However, we also know that many of our patrons rely on libraries for dependable Internet access. Even here in the Bay Area—the center of the tech world—low-income households might not have broadband or WiFi connections. Some do not have computers at home. In addition, tens of thousands of people in the Bay Area are experiencing homelessnessopens a new window.
In other words, there is a digital divide.
Fast Facts About Internet Access Disparity
- Roughly 1 in 4 American adultsopens a new window do not have broadband Internet at home.
- Roughly 1 in 5 American adultsopens a new window rely on a smartphone for Internet access.
- In California:
- 1 in 5 studentsopens a new window does not have internet access or a computer at home.
- Only 55% of low-income householdsopens a new window have high-speed Internet at home.
- Only 59% of those in rural communitiesopens a new window have high-speed Internet at home.
- Only 66% of Latino and 67% of African American householdsopens a new window have high-speed Internet at home.
The Digital Divide and COVID-19
- 87% of Americansopens a new window say the Internet has been important to them during COVID-19, including 53% who say the Internet has been "essential".
- The same Pew Research articleopens a new window claims that "roughly half of Americans with lower incomes are worried about paying their broadband and cellphone bills over the coming months".
- The CA Department of Educationopens a new window has identified a need for over 400,000 devices and 290,000 hotspots.
What Does It All Mean?
The lack of Internet accessopens a new window makes it harder to work from home, use telemedicine services, and stay informed about COVID-19 updates.
Many students are struggling to participate in distance learningopens a new window. They may not have a steady connection for video lectures and homework assignments.
Older students might also find it difficult to apply for scholarships, internships, and other programs. To complete coursework, some are relying on connecting to WiFi in their college or library parking lotsopens a new window.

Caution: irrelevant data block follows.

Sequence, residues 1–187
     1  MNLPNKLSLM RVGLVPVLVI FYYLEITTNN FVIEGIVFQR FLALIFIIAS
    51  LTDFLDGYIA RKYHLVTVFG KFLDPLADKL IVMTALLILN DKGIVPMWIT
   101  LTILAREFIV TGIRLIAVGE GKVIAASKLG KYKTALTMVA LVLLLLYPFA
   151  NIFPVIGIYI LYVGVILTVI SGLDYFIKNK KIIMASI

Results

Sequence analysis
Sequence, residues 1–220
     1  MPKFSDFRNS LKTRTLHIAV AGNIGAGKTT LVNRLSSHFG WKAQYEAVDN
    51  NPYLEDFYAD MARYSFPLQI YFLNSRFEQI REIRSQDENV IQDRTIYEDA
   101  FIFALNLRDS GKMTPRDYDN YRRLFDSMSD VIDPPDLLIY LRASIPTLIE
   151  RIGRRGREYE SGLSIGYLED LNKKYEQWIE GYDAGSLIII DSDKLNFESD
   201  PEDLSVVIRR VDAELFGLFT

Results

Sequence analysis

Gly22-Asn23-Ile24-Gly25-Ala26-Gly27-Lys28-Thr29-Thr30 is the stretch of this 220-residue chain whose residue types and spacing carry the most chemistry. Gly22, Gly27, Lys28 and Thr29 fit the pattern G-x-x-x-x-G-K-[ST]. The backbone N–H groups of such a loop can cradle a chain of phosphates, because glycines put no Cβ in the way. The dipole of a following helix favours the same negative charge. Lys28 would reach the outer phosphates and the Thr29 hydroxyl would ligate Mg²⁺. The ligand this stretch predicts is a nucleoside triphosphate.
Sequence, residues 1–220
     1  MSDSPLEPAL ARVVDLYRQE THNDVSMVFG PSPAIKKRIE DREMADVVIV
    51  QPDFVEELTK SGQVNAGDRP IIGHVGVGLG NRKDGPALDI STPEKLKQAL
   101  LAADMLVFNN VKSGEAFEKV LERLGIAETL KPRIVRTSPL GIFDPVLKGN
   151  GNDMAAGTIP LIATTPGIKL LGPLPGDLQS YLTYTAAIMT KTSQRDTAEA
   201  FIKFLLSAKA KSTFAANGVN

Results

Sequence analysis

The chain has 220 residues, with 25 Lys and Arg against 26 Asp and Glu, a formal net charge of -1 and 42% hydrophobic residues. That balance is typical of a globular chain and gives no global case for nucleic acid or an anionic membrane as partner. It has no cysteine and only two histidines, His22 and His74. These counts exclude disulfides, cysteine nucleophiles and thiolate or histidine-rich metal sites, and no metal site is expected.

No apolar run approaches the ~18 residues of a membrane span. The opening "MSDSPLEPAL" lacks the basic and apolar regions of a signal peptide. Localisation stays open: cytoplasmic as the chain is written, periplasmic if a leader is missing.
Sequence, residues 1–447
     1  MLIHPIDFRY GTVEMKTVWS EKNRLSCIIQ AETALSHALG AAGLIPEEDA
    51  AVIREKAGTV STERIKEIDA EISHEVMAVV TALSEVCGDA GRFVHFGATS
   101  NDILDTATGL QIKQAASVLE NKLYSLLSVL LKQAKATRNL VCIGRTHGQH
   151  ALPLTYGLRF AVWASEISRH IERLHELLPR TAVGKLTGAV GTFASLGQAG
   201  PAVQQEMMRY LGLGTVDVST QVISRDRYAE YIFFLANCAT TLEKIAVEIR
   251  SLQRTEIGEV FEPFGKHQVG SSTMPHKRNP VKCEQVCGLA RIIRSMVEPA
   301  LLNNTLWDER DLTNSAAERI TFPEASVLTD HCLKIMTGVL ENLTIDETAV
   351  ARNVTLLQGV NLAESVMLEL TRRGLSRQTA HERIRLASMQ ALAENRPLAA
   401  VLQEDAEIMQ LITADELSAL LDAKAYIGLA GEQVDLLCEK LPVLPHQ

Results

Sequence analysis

High-speed Internet is also important for fun and social connections. It can be much harder to stay at home without video get-togethers, eBooks, streaming movies, and other forms of entertainment.
Libraries Help Bridge the Internet Access Gap
Like other libraries around the countryopens a new window, we are working hard to help our communities connect. San Mateo County Libraries has over 550 hotspots checked out to our communities.
KCBS Radio recently released a short news clip highlighting how SMCL is addressing Internet inequalityopens a new window. In addition to boosting WiFi signals in the parking lots of our 12 library locations, we are proud to be distributing reliable devices and hotspots. The library worked with community partners to distribute over 250 hotspots including high capacity WiFi hotspots that were provided to our coastal partners.
San Mateo County Libraries is also participating in a coalition created by the County of San Mateo to address the digital divide. The coalition includes the County of San Mateo, City governments, non-government organizations, and San Mateo County Libraries. The coalition is looking at opportunities to expand WiFi access in our communities.
Back in December, we wrote about partnering with the California Emerging Technology Fundopens a new window, Hagar Services Coalitionopens a new window, and El Concilio of San Mateo Countyopens a new window to promote home broadband adoption.
For even more ways to find a free or lost-cost device and get online, check out this articleopens a new window from KQED.
Please spread the word about these low-cost Internet options. Together, we can keep each other safe, healthy, and informed.